Pastured Poultry Video

I’ve been a member of a pastured poultry association for a few years.  It is a small group comprised of farmers like us who are committed to raising birds on pasture.  It mostly exists as a forum for farmers to discuss techniques and practices among ourselves via an online discussion group and a bimonthly newsletter.

They just put together a video showing what pastured poultry looks like.  Honestly, the video isn’t quite as great as it could be, probably too discursive for most YouTube viewers.  But it does provide good examples of honest pastured poultry (as opposed to the disingenuous marketing claims so common on egg cartons and chicken labels today: free range, cage free, or even some of the pasture-raised claims on grocery store eggs).  I’ve never been able to shoot good videos of our chickens, but this video captures in many details a system similar to ours.  The farmer in the blue shirt has pasture coops quite close to ours.  These setups give the chickens plenty of room to roam, allow them to be in the sun or shade depending on their preference, ensure that they are on fresh grass each day, and provide protection from aerial and ground predators.  They work well for us, and the chickens thrive in this environment.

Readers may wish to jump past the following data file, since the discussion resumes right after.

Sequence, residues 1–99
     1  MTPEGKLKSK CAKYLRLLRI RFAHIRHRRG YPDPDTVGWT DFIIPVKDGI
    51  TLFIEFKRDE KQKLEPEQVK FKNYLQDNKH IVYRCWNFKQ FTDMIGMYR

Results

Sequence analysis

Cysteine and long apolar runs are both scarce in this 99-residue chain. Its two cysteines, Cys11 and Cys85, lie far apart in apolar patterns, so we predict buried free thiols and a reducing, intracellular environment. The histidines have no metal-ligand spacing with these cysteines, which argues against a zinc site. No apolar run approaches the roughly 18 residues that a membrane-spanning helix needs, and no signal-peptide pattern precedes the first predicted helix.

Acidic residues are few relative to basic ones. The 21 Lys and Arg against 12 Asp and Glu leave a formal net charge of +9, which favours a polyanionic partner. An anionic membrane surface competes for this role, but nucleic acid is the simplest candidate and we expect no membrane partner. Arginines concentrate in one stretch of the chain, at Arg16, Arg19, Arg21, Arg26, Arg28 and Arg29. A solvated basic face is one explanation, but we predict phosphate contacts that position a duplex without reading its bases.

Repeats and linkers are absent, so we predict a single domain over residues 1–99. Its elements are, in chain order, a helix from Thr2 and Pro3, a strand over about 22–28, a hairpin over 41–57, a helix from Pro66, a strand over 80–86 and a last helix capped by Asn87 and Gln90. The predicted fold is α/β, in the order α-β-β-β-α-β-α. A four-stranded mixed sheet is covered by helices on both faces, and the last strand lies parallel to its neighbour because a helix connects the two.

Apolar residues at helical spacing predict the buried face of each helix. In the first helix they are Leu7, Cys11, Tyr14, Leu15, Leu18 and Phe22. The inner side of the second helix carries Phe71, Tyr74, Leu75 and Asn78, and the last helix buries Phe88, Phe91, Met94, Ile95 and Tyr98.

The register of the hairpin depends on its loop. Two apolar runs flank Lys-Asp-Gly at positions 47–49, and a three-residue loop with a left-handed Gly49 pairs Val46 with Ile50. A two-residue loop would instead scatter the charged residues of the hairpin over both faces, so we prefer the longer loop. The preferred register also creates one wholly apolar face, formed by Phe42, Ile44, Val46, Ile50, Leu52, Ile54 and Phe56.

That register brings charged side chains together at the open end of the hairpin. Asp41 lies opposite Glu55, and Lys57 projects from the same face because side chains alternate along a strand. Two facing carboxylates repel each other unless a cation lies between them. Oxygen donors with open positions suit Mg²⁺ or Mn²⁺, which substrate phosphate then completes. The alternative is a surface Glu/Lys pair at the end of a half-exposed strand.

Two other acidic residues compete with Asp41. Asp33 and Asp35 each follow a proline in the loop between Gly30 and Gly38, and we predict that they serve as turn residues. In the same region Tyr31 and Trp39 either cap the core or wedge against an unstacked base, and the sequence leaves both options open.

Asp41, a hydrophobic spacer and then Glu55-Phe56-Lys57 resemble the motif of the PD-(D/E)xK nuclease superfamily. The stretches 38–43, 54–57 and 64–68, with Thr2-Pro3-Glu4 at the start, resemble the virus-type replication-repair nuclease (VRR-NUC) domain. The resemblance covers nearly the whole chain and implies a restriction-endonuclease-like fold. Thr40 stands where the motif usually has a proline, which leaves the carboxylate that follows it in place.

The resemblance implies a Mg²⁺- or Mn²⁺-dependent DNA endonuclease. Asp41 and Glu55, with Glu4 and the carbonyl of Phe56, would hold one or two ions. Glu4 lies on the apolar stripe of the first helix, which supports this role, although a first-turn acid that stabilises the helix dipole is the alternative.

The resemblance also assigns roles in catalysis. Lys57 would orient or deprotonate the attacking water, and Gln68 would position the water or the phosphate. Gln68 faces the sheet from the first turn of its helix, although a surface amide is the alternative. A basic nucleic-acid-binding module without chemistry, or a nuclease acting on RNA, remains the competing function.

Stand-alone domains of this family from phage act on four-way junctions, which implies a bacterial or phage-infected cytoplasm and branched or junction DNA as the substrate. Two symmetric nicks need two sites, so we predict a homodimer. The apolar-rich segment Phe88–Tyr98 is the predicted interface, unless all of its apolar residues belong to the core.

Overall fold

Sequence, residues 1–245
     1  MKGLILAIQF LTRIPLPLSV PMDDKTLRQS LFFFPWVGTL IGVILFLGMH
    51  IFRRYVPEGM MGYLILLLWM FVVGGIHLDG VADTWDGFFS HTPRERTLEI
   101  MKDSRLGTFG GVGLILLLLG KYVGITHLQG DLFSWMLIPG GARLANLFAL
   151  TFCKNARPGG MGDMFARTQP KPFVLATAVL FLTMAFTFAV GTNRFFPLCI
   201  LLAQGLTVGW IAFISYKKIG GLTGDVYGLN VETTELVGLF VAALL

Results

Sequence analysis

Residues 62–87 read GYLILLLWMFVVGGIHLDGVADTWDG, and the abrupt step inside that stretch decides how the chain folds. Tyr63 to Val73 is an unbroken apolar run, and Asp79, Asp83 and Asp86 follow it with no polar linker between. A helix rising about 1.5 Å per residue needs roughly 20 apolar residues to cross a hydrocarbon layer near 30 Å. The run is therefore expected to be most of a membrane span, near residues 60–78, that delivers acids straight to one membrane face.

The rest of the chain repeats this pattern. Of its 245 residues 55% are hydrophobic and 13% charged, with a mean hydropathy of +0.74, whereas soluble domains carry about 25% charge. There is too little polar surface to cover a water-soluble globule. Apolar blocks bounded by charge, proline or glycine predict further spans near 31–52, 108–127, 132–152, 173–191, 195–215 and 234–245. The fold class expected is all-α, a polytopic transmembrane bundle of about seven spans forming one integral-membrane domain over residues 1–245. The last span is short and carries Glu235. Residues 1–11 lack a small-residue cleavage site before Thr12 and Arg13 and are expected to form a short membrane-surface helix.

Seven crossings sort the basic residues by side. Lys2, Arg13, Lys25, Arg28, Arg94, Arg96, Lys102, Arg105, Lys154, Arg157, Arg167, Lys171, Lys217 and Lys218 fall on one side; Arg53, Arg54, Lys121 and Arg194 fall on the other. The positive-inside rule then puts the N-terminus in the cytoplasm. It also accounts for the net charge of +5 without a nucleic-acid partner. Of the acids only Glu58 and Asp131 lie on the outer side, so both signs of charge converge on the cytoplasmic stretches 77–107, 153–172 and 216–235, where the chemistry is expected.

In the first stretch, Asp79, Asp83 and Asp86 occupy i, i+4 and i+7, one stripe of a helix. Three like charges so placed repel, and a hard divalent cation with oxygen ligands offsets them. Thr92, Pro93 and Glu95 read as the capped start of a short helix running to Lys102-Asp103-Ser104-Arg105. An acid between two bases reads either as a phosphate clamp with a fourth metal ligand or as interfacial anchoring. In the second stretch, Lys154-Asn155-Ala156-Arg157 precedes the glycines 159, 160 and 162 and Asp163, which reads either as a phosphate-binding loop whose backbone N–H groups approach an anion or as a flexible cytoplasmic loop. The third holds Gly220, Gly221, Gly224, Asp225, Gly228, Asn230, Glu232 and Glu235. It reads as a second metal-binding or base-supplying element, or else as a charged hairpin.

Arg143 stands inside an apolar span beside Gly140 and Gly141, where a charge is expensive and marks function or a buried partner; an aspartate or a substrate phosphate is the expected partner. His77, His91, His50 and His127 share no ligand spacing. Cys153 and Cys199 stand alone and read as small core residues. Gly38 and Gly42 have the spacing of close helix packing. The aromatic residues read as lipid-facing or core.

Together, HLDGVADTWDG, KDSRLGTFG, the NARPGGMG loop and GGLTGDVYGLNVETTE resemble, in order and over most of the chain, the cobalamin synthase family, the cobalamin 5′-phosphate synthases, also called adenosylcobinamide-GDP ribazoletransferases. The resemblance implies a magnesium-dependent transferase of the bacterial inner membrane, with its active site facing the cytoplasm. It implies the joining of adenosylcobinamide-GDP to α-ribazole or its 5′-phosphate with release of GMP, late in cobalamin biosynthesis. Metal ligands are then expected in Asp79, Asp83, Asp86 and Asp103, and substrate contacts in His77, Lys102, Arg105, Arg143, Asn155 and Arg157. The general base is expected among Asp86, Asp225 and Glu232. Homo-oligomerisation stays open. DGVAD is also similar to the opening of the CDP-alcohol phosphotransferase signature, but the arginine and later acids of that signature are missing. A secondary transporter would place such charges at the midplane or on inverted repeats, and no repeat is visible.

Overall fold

Let me know what you think of the video.

3 Comments on “Pastured Poultry Video

  1. We just got to see this video sent to us by a new farmer in the area who is raising pastured poultry!!!!! It was the only meat I had not yet been able to find truly pastured. I am so thrilled! He too belongs to the PPA. You have no idea how exciting this is living here in the middle of GM corn and soybeans! We are very happy to see this growing, even here in the rural area of KY where everything is done the government way. Perhaps you have spoken to him he is only at it a year. Andre`Foul is his name and Riverside Farm is the name of the farm. He and his family moved here from South Africa some years ago and now they are working on this operation. So happy!

    • Glad to hear you are finding this in your area too. It is interesting how in urban areas we’ve destroyed food production by paving it over, subdividing, and chopping it up until there are no farms left or farms are too small to be viable. But in rural areas we’ve destroyed food production by going wall-to-wall with industrial corn and beans, so that you can walk for miles without seeing anything that is meant for direct human consumption. If you can find someone who is raising pastured livestock or growing vegetables in the middle of corn-soy country, you’ve found someone who is worth supporting.

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